Mental & Emotional Health

7 Heartwarming Health Benefits of Being Generous 

Health Benefits of Being Generous 
Written by Collins Nwokolo

Generosity can be defined in a variety of ways. One definition is the quality of readiness or liberality in giving, while another is the quality of being kind or generous. Each of these alludes to an innate desire to give, enrich, or better something or someone else.

Generosity goes beyond a definition or notion. It is a set of deliberate choices to look further past ourselves, identify a need, and respond to meet it. It is, at its core, an expression of love for another; no matter how brief, small, or insignificant it appears to be, it is meaningful, and it matters. No kind deed is too small.

It also helps that helping others can significantly positively impact your health, physically and mentally.

7 Benefits of Being Generous

Being generous has many psychological, emotional, and mental benefits. Here are some of the health benefits of being generous.

Health Benefits of Being Generous 

1. Better relationships

Generosity can help with an important aspect of your overall health — your social health. Generous people are more likely to have better relationships and social life, which means great social health.

2. Happier disposition

According to the Bible, there is more happiness in giving than there is in receiving. 

That statement is true in its entirety. Giving makes you happy, and it can be proved medically. Being generous has been linked to the release of oxytocin, a hormone that induces feelings of warmth, euphoria, and deep connection to others.

Furthermore, a 2008 study by Harvard Business School found that giving money to someone else made the study participants happier than spending it on themselves.

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Thus, being generous is a great way to make yourself happy and support your emotional health.

3. Decreased blood pressure

One way to improve your cardiovascular health is to assist friends and family.

Participants in a 2006 study published in the International Journal of Psychophysiology who provided social support to people in their network had lower overall blood pressure and arterial pressure than those who did not.

In addition, those in the study who were more likely to give to others reported receiving more social support.

Little gestures like offering homemade dishes make you feel good on the inside, and your friend may be tempted to reciprocate the favor.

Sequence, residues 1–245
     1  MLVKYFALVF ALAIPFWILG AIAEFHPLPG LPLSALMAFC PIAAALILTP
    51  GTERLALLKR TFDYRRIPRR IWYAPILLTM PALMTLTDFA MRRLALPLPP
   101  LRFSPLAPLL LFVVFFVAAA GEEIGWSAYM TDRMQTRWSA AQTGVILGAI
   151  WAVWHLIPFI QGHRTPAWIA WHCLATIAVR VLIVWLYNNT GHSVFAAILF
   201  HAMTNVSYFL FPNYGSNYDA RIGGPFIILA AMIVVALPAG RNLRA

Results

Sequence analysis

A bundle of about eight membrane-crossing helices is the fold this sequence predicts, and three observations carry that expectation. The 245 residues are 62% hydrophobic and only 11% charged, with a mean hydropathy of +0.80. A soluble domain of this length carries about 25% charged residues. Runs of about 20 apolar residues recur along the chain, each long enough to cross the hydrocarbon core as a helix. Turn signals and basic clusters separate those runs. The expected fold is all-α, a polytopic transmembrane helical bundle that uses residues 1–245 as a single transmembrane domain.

4. Stress reduction

Money hoarding looks excellent for your wallet but not so good for your health. A study published in PLOS discovered that stingy behavior increases stress.

Researchers asked 156 volunteers to participate in a bargaining game in which they had to decide how to divide a sum of money.

Using heart rate monitors, they discovered that players who made low offers – less than 40% of the total, had higher heart rates and stress levels than those who made high offers—more reason to consider donating money to those in need.

5. Contentment

It’s natural to feel envious from time to time. Almost anyone has gone through life without wishing for something out of reach, such as a more luxurious car or home.

While it is natural to feel this way occasionally, it is also essential to be content with what you have, which is more likely if you’re generous.

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Generous people are prone to living happier lives with their homes, cars, and other possessions. They are also less likely to believe that having more money would make them happier.

Also, generous people barely have difficulty saving money, even though some forms of generosity can involve financial donations.

6. A deeper sense of satisfaction

Everyone wishes to be happy in life, and generosity appears to be an essential component.

A study reports that 74% of respondents with high generosity confessed to being satisfied with their lives, compared to 60% with low generosity. Respondents with high generosity were also more than twice as likely to say they were very satisfied with their lives.

Generous people are happier in every area of life, such as friendships, family, romance, and finances.

7. Improved self-esteem

How you feel about yourself can impact every aspect of your life, for better or worse, and there is evidence that a generous lifestyle benefits your self-esteem.

Of the individuals in the high-generosity group, when asked if they were proud of who they were, 74% said yes. That figure fell to 51% among those with low generosity. Generous people are more likely to say they live moral and upstanding lives.

Conclusion

Being generous can have a significant impact on your quality of life. The above health benefits of being generous should spur you to make generosity a habit. It can make you happier and healthier and improve your interpersonal relationships.

 

About the author

Collins Nwokolo

Collins Nwokolo is a passionate blogger and an amazing writer. He is a health and fitness enthusiast who loves sharing helpful information to people.

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